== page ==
We've had the fattest three-year run of profits in stock-market history. Can there be a fourth? There can, of course, although the odds are against it. For example:

What if Southeast Asia's implosion takes more than a modest nip out of U.S. growth?

What if business profits fall, because of worldwide excess production capacity in everything from computers to cars?

What if downsizing gets a second wind (several major corporations recently announced plans to cut their U.S. work forces)?

What if the impending flood of cheap imports from Southeast Asia stirs the hot blood of U.S. protectionism?

The risks on my "what if" list shouldn't drive you out of stocks especially since investors keep pouring their wealth into U.S. equities. But they should remind you that smart investors own bonds, too.

Rates on 30-year Treasury bonds fell below 6 percent in December, and when interest rates drop, bond prices rise. Last year's rate drop, from 7 percent to 6 percent, produced gains for bond investors of 18.3 percent.

That's less than the 28.6 percent gain in Standard & Poor's 500-stock average. But bonds carried less risk than the stocks you owned.

Going forward, who knows? The Baltimore mutual-fund company T. Rowe Price checked every fabulous five-year gain in stock prices since 1960. During those fat years, gains averaged 14.6 percent.

But in the subsequent five years, stocks tended to quiet down averaging a modest 8.7 percent. During those leaner periods, bonds yielded nearly as much as stocks.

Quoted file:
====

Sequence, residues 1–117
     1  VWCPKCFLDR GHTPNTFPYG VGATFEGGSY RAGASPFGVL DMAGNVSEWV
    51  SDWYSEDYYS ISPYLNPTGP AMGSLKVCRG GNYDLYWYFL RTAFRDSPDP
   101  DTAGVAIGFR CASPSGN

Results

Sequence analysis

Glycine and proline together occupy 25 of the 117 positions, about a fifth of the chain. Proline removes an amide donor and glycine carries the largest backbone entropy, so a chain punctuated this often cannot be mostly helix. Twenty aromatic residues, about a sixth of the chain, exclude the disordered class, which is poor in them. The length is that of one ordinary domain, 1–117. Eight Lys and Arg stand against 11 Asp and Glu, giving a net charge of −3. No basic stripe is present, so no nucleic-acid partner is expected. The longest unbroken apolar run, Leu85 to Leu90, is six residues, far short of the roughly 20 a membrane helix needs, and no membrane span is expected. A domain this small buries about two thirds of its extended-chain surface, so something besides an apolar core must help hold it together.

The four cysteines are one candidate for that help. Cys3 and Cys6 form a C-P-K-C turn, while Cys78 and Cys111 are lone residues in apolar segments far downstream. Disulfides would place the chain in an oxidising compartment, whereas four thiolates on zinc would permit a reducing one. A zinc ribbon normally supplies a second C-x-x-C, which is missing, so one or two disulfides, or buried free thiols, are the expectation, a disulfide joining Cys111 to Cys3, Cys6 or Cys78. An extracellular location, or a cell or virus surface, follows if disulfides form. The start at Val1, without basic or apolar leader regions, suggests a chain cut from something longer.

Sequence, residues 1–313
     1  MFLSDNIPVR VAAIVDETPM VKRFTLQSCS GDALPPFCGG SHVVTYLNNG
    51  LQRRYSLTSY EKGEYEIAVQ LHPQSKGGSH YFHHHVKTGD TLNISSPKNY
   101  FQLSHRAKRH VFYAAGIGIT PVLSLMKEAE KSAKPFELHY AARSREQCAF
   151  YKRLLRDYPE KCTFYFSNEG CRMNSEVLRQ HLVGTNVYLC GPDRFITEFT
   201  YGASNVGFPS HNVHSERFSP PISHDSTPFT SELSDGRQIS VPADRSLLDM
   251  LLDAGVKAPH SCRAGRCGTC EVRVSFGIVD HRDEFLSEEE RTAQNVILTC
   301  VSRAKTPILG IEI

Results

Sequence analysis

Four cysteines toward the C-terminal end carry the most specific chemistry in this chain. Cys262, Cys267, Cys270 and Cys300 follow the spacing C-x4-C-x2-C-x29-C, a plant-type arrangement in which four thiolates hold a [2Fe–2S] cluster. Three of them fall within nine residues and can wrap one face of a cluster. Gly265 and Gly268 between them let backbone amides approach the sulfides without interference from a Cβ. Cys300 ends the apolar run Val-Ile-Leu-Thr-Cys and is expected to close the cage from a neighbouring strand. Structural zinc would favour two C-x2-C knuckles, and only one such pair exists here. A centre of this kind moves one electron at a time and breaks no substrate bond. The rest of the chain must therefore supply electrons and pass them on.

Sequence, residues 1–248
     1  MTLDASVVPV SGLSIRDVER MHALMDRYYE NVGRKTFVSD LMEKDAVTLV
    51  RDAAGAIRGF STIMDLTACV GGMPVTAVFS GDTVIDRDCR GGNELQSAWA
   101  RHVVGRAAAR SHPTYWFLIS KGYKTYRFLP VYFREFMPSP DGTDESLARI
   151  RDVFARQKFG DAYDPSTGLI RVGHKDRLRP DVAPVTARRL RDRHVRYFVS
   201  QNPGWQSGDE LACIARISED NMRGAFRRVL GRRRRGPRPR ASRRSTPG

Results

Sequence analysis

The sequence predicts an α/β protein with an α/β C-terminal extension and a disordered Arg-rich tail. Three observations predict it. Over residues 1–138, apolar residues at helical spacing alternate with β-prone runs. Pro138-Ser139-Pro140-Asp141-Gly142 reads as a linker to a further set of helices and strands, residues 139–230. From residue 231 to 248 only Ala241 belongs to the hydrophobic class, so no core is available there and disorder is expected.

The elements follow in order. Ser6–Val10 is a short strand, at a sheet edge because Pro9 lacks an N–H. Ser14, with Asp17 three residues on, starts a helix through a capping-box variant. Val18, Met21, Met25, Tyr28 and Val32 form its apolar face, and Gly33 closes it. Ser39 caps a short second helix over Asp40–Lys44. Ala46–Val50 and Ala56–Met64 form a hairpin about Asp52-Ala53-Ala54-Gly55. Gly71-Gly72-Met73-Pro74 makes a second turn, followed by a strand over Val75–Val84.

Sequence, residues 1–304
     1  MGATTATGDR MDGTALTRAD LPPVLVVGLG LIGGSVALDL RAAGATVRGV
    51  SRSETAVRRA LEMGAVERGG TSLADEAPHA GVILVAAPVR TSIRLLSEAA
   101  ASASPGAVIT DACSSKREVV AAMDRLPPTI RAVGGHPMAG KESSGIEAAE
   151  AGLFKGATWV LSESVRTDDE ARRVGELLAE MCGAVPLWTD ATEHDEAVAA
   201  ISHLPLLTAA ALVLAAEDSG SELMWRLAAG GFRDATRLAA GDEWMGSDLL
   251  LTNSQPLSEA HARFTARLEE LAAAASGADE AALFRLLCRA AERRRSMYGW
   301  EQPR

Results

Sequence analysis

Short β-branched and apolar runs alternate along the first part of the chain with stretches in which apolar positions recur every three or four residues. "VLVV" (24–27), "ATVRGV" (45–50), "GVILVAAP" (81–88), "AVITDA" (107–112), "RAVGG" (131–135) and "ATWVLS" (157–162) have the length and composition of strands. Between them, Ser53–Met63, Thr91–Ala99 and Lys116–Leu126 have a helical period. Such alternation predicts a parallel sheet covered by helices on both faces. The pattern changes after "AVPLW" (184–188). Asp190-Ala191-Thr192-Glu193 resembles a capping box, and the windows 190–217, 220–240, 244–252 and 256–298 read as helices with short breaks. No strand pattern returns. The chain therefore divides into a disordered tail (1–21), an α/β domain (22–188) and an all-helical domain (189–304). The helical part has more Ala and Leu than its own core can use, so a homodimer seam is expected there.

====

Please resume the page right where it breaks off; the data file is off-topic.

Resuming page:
Most of the bond money today is pouring into individual bonds or traditional bond mutual funds. But you'll often find higher yields both taxable and tax-exempt in closed-end funds.

A closed-end fund normally raises money only once. It sells a fixed number of shares and invests the proceeds. Then it lists itself on a stock exchange, just like any other public company.

To participate in its investment results, you buy shares through a stockbroker.

Unlike traditional mutual funds, a closed-end has two measures of value: (1) net asset value what all its investments are currently worth; and (2) market value the price that investors are willing to pay to own its shares.

The market price of a closed-end goes up and down independently of what happens to the fund's net asset value.

Typically, a closed-end sells at a discount from net asset value. If its bond investments are worth, say, $11 a share and the fund is selling for only $10, you're buying at a 9 percent discount. That increases your current yield.


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